Al Horford said the quiet part out loud.
With Joel Embiid sidelined, the Boston Celtics fell into the same trap they always have – they lost to a short-handed team because they played down to their competition. And Horford admitted that it affected their energy.
“As much as you want to say that it wasn’t a factor, I think it was,” Horford said. “And we have to be better. We have to understand that we have to be able to play with whatever happens, whatever variables.”
In November, it’s whatever. In January, it’s an annoying one-off. In April, it’s a concerning occurrence.
In May, it’s unacceptable.
After losing two gut-punching games to the Atlanta Hawks in the first round, the Celtics closed the series with an emphatic five minutes. As Jaylen Brown would say, "the energy shifted," and it felt like things were trending up.
But on Monday night, the Celtics took one giant leap backward. With Embiid sidelined, James Harden dropped 45 points on their heads, embarrassing them on their own home floor and picking up a huge win for his Philadelphia 76ers.
“I don’t think our pressure and intensity was necessarily as high as it probably should have been to start,” said Jayson Tatum. “Throughout the course of the game, they hit shots, and they were in a good rhythm.”
Harden’s 45 points were supported by 26 from Tyrese Maxey, 18 from Tobias Harris, and a monster 17 from De’Anthony Melton off the bench, which included five three-pointers.
A severe lack of energy was on full display as Boston floundered on the defensive end, failing to find any answer for a fast-paced, confident Philadelphia offense–that was missing the soon-to-bee MVP.
“Honestly, we didn’t get stops all night long,” said Malcolm Brogdon. “I mean, that’s really the answer. We didn’t get the stops we needed. We played good initial defense and then would have some type of breakdown for a layup or an open three.”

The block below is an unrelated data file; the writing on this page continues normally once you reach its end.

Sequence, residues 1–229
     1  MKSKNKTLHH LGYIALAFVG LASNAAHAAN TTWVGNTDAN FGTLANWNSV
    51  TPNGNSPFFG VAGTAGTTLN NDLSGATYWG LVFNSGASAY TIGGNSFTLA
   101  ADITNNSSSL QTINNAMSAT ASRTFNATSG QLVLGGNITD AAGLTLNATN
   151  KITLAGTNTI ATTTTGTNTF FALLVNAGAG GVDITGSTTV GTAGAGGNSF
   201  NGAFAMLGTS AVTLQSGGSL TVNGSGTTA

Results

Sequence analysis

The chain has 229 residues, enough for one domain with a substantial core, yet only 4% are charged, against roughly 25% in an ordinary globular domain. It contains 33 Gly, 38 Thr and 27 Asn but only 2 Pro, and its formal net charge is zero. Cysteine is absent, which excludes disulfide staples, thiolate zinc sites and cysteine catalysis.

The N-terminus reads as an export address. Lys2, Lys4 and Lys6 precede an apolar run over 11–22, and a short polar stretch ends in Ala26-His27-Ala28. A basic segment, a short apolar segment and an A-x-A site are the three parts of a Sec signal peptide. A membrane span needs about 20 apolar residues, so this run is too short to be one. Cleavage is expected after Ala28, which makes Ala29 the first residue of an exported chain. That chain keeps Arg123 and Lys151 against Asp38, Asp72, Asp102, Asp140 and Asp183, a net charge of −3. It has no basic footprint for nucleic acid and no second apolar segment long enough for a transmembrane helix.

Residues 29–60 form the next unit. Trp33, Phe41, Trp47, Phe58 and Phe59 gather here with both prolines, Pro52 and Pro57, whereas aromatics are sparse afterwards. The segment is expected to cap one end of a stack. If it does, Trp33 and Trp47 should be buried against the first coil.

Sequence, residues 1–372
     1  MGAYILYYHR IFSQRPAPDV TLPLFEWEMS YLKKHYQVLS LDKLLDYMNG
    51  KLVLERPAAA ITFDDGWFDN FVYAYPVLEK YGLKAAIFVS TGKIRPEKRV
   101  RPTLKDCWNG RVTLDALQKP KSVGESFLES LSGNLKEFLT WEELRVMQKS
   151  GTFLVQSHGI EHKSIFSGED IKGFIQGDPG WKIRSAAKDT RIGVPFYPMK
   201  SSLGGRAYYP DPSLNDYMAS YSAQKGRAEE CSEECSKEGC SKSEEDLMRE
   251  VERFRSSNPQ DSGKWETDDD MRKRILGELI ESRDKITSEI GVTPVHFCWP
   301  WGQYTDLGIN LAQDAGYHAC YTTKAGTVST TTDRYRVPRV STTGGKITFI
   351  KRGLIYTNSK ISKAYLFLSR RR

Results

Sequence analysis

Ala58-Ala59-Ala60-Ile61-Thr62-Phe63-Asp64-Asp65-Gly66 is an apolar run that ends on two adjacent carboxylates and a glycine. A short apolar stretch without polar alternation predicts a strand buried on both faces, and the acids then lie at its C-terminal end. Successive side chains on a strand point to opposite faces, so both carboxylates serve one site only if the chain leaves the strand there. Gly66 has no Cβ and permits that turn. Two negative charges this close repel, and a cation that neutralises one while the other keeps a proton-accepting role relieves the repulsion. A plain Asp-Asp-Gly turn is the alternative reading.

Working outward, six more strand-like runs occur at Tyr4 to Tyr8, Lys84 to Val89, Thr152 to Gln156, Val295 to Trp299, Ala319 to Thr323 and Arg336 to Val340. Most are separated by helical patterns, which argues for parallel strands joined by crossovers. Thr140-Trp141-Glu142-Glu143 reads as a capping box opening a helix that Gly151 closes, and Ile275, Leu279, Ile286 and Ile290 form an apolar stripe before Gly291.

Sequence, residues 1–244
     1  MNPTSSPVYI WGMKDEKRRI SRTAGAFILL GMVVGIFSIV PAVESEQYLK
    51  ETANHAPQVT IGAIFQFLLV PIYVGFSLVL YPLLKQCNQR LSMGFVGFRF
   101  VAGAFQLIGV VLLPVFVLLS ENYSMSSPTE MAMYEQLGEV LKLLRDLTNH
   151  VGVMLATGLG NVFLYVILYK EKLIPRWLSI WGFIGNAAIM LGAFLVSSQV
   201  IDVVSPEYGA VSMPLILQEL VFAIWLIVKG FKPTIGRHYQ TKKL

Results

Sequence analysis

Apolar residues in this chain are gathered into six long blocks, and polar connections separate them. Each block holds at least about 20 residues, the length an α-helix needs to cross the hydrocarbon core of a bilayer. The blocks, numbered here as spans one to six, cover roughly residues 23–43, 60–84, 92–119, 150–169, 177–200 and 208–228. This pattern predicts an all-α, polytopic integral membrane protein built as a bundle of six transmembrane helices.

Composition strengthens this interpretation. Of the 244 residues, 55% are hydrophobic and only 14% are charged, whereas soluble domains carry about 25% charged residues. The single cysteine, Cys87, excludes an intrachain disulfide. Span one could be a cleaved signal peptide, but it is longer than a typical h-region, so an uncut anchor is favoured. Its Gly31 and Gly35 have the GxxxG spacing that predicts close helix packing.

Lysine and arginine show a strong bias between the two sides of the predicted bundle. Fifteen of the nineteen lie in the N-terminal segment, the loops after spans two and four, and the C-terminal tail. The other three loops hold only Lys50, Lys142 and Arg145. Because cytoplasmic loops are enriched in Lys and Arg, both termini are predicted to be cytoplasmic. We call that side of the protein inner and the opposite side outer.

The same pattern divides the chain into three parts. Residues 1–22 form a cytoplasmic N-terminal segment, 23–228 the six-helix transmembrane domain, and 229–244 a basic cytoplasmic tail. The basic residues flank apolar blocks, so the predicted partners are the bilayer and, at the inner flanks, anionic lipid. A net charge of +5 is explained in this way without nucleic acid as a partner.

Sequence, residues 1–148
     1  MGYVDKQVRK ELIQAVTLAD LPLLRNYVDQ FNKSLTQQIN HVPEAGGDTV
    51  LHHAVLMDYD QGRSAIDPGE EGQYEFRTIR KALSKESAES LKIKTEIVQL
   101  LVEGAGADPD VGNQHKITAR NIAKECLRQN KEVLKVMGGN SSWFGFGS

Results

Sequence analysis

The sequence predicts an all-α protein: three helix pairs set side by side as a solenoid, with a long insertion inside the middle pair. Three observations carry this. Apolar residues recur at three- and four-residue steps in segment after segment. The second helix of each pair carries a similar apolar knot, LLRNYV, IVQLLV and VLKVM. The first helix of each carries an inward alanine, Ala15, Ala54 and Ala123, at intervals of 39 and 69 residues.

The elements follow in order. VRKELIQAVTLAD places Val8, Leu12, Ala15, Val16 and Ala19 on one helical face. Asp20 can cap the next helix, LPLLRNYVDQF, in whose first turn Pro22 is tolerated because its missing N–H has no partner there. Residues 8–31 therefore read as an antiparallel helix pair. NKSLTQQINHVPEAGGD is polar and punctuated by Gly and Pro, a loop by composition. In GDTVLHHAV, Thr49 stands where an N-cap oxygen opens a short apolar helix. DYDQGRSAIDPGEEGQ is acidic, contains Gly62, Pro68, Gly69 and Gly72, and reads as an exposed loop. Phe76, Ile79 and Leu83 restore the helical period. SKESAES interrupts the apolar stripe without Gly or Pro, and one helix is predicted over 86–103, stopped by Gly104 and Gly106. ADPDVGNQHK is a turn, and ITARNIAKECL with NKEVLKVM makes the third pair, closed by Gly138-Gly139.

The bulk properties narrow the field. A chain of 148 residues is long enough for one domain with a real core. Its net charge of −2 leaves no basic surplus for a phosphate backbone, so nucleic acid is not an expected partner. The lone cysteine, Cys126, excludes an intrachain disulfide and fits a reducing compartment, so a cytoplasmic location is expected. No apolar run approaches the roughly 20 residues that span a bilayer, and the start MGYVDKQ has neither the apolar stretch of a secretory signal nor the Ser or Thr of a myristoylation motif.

Boston’s defensive fiasco was matched by a complete disaster on the offensive end.
One look at the box score will tell you that the Celtics shot 58.7% from the field and 38.5% from three-point range – top-tier numbers, but a closer look unveils a harsh reality.
In the second half, the Celtics–a team that averaged 42.6 threes per game–shot just 12. Their lack of threes wasn’t a result of an increase in paint touches but rather a harrowing outcome of their slow-paced, bleed-the-clock late-game mindset.
Rather than sustain their up-tempo, pass-heavy offensive style that works to perfection, the Celtics continuously choose to slow things down and completely chance their offensive style.
Even Brown was frustrated with the team’s choices post-game.
“No. I wanted to push the pace, but if we’re not running, you got to make sure you take care of the basketball,” Brown said when asked if he chose to slow things down in transition late in the game. “I could have made a play the transition there, but if I don’t have any outlets and nobody’s running, it’s a bad possession. So, you always want to make sure your guys are running with you. And right there, I just felt like I was running by myself.”
The Celtics have made the same errors over and over again. From Game 5 against the Hawks this year, to their three-game losing streak at the beginning of March in which they blew three-straight double-digit leads, to Game 6 (and 7) against the Miami Heat in the Eastern Conference Finals last season.
Nothing has changed, and no matter how many times Boston shines bright with their lockdown defense and high-powered offense, they always fall back into bad habits.
“I guess,” Tatum said when asked if the Celtics missed a big opportunity in Game 1. “S***, you just want to win every game you play, regardless of the circumstances. You just want to win. And we didn’t do enough to win. Every game you lose is a missed opportunity to get a win.”
It’s always the same. The same “we’ll be better” and “we didn’t do enough” comments after every loss in which the Celtics crumble to the highest degree.
In fairness to the players, there’s nothing else for them to say. There’s nothing they can say after a defeat such as this one because they’ve already said it all before.
All that’s left for them is to grow from their mistakes and not retreat back into them every chance they get.